The twentieth century did more than proclaim the death of the author: it appointed the reader as his upstart successor. What kind of readers of texts have we become since 1967, when Barthes first published his fateful essay? Conceited ones for a start. Without the overseeing presence of the author, it seems the text lies open and yielding, ours to treat as we will. How then do we begin to exercise our new-found licence in Classics, a discipline where, in order to begin to become a reader, we must engage in linguistic training, and what follows, with history, philology, that is, with Context, that dreaded rival to our self appointed rule over the text? These, and similar questions were unwelcome guests at last year’s Triennial conference in Cambridge. The Triennial is, as the name suggests, a ritual repeated every three years, where classicists young and old gather from all around the globe in a flourishing of activity and enthusiasm in the middle of the English summer. This time, however, the mood was sombre. A recent proposal to close down the Classics faculty at Royal Holloway College in London had dampened collective spirits, and the brutal manner in which classicists were forced to choose sides, either in the History or English departments, had hit the Classics community hard. Stephen Oakley’s opening address alluded to the funereal connotation of the conference title: ‘A celebration of Classics’, with its euphemistic ring, may well be its dying song. Edith Hall paused during her plenary lecture to ‘savour each line of Sophocles’ Greek’. A few months later she would announce her resignation from Royal Holloway. Amidst the knowing sighs and defiant nods, however, there was Anthony Grafton’s address, a shining light from the Renaissance sent for the gladdening of our hearts. Professor Grafton began by declaring his subject entirely unfashionable. ‘Classical reception is hot’ – but only for its tantalizing catchwords – Love, Sex, and Death. His lecture was to shine the spotlight on their plain-looking, bespectacled cousins: Discipline, Skill, and Scholarship, exemplified in the lives of two Renaissance men of letters, Joseph Scaliger and Isaac Casaubon. The portrait of Casaubon in particular (a figure not to be confused with his namesake Edward in George Eliot’s Middlemarch), his painstaking auto-didacticism in Latin, Greek and Hebrew, his unwavering devotion to his private library (he was permanently in debt due to his book-buying habit) made my thoughts inevitably wander to the generation of facebook and twitter, and the striking contrast therein. Did Casaubon subject himself to an academic martyrdom, by modern standards? Perhaps. I think of it more as a monastic vow of poverty and obedience to the laws of language, and in two canons, the Judaeo-Christian, and the classical one, no less. Casaubon’s was a vow of continence too – he is reported to have eventually died from a calcified bladder, so loathe was he to abandon his book room to answer the call of nature. The image of the lonely Casaubon, leaning over his book-wheel, could easily be dismissed a shadow of a long outdated past. Yet the parallels with task of the modern classicist abound: the awareness of tradition, transmission, and accuracy was not only the domain of the nineteenth century philologists, but practiced in Europe’s Renaissance academies. As were the parallels between Casaubon and Grafton himself, whom Malcolm Scholfield introduced as ‘quite simply, the most learned man in the world’. Grafton ended his lecture with a call to arms: many more tomes remain, neglected, awaiting a latter day saint to exercise the same devotion to the text that the Renaissance scholars had in their short and remarkable lifetimes. On the whitewashed walls of this lecture hall in 2011, a blown up image of Casaubon’s delicate handwriting adorned a copy of Strabo’s Geographica. The world of the ancients, seen again through six hundred year old eyes, could exist for us, in this moment, as it did for them, to delight and to instruct the living.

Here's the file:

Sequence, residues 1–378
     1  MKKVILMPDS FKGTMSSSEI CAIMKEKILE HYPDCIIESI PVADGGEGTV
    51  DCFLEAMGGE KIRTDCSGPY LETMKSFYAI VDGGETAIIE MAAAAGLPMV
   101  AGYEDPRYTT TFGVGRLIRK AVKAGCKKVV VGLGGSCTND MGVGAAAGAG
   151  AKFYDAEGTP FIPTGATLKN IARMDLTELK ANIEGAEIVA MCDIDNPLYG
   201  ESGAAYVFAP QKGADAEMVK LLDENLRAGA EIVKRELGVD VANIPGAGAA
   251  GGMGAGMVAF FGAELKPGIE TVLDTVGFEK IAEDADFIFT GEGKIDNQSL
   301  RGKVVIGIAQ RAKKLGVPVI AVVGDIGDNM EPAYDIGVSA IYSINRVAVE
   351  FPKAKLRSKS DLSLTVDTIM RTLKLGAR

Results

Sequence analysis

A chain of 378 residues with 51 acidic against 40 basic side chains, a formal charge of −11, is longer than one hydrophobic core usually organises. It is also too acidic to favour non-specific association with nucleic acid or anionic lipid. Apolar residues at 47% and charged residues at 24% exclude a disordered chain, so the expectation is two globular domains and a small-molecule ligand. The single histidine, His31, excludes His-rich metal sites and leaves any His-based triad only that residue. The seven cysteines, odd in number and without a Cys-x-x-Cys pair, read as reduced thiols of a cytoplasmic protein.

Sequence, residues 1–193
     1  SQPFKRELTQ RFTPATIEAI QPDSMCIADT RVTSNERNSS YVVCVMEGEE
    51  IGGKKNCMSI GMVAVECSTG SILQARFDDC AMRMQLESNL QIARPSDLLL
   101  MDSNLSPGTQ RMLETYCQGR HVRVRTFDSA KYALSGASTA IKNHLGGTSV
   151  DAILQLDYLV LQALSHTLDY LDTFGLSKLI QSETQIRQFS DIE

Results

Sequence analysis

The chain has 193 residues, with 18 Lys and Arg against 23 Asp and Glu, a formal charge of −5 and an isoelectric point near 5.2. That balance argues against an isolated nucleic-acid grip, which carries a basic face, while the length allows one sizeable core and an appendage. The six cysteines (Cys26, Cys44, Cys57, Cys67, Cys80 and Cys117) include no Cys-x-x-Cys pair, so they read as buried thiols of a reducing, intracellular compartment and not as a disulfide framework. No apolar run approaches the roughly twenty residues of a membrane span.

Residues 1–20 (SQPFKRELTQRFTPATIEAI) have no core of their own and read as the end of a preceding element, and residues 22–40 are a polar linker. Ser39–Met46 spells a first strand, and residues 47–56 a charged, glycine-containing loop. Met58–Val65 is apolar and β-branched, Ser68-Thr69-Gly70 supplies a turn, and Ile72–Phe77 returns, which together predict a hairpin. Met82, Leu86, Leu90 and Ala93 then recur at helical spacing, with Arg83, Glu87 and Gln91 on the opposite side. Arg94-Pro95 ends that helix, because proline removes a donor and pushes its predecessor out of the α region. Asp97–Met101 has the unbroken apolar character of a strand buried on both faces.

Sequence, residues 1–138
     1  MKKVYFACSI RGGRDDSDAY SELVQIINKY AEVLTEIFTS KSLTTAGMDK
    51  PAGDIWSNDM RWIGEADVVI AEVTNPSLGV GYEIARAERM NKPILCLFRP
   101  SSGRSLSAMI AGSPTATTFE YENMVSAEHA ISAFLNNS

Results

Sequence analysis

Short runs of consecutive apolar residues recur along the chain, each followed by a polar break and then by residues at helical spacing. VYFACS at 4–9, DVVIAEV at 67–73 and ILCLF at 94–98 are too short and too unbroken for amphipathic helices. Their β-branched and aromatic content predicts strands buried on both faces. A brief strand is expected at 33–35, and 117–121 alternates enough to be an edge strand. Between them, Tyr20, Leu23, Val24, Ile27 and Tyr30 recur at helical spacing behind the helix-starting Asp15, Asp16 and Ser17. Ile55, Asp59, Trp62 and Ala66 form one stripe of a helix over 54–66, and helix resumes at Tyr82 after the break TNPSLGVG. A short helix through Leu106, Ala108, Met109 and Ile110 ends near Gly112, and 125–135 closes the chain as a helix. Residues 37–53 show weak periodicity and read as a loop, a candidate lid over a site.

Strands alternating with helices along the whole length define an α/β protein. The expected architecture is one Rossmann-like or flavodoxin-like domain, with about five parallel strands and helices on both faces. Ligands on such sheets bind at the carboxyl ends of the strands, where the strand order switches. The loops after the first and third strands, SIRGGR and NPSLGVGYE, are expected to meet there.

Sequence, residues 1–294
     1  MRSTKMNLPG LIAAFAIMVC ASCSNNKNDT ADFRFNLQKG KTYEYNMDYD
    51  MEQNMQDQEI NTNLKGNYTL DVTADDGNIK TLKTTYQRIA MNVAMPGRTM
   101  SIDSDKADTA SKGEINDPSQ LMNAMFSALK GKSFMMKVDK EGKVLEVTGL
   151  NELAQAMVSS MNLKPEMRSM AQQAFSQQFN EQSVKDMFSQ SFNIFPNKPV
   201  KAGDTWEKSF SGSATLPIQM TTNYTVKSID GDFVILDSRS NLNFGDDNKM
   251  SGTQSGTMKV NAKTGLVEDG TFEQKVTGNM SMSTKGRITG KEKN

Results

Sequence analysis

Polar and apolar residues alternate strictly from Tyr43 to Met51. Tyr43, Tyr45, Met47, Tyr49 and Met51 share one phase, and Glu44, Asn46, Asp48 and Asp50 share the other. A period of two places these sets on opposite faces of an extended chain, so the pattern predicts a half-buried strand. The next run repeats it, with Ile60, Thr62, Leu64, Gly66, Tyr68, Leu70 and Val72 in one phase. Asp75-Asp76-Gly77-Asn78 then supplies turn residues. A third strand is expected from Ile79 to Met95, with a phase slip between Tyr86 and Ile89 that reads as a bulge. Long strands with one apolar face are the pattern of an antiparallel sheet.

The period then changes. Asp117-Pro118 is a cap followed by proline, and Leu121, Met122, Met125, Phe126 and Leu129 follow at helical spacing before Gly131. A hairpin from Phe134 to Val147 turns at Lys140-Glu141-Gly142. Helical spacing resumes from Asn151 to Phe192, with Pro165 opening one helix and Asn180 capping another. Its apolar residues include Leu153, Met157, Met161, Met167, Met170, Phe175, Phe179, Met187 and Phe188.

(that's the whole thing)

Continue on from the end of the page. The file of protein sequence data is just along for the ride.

Professor Grafton’s lecture “How classical was the classical revival?” can be downloaded here: http://www.classics.cam.ac.uk/faculty/seminars_conferences/triennial_conference_plenary/
Update: Last week I received an email with the announcement that eight and a half months after the first announcement of the dissolution of the department, there would be no redundancies in Classics at Royal Holloway at the University of London.